Topic: Welfare and Equalities

See our latest work on this topic


Launch of the IFS Inequality Review (the Deaton Review)

12 Jun 2019 in Briefings

The Deaton review will investigate the causes and consequences of different forms of inequalities, and the ways that they can be reduced or mitigated; covering not only trends in economic inequalities, but also health inequalities and geographical inequalities, and inequalities by gender and ethnicity, among many other aspects.


The Finnish Basic Income Experiment: Preliminary Results

6 Jun 2019 in Briefings

Universal basic income is a universal and unconditional cash transfer from the state to all its citizens. The idea has attracted considerable interest, including in Scotland where a feasibility study undertaken by four local authorities is in progress. The Finnish experiment is considered here.


IFS Report: The Impacts of Localised Council Tax Support Schemes

30 May 2019 in Briefings

The recent analysis published by the Institute of Fiscal Studies of how local authorities have designed their local Council Tax Support (CTS) schemes attempts to explain variations in terms of different characteristics such as political control and the overall funding situation.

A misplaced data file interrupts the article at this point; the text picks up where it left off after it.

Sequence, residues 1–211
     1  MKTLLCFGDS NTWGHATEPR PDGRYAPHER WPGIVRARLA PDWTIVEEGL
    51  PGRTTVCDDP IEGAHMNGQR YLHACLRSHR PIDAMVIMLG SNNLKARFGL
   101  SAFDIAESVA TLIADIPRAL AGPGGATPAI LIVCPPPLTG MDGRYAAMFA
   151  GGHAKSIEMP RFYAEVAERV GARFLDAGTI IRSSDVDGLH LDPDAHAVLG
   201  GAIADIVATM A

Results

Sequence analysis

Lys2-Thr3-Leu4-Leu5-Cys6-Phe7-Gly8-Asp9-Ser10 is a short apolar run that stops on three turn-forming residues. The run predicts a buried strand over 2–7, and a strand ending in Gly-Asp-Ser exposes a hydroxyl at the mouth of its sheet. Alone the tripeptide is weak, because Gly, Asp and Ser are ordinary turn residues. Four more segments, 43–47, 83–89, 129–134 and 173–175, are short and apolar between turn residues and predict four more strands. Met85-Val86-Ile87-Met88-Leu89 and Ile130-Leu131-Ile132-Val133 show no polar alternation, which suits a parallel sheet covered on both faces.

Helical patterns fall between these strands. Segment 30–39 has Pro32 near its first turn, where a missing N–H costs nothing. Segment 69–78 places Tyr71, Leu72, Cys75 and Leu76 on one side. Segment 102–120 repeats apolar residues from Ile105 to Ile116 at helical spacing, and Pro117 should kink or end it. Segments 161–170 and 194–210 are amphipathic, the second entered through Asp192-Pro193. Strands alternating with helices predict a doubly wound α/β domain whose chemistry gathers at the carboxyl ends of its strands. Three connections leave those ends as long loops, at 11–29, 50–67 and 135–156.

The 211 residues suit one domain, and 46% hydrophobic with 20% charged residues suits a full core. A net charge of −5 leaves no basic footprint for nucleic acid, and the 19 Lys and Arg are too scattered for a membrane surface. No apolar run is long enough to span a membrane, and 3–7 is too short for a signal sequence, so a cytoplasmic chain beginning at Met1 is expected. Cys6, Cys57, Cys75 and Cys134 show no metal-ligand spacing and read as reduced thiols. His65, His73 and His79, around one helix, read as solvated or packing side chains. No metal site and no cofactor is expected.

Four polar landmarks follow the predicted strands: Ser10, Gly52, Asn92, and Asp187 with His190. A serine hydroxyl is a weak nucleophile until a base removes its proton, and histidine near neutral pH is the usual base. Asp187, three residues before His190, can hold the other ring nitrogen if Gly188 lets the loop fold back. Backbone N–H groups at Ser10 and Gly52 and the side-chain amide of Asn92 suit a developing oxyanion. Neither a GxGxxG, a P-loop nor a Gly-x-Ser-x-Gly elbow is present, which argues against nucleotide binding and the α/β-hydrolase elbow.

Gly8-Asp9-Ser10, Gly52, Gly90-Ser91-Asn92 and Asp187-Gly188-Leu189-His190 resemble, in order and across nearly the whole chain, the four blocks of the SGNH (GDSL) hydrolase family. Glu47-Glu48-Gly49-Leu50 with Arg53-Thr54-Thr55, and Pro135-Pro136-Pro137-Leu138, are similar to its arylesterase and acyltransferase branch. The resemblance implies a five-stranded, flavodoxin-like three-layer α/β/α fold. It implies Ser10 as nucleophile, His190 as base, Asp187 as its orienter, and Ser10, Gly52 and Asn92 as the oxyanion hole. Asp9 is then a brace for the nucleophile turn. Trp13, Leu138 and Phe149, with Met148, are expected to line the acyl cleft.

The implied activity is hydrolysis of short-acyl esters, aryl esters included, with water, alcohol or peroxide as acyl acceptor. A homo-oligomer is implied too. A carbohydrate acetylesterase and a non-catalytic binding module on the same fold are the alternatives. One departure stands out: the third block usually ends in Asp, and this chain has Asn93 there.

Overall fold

Disability and Incapacity Benefits and Universal Credit

16 May 2019 in Briefings

ESA claimants will be among the single largest claimant group within managed migration to Universal Credit. What are the implications of migration for this very large group of people? Recent reports have given some idea of the scale of the transition and how it varies among local areas.




Welfare Reform Update March 2019

26 Mar 2019 in Briefings

What is the current state of the roll out of Universal Credit? We look here at two reports produced by the House of Commons Work and Pensions Committee on benefits sanctions and UC; and at what is known so far (very little) about the new Work and Health Programme.


Policy Developments and Responses to Homelessness in Ireland

21 Mar 2019

Like the UK, Ireland has a homelessness crisis. The approach of the Irish government to dealing with the crisis has been markedly different to the UK government. Bob Jordan from the Dublin Region Homeless Executive explains what the response has been.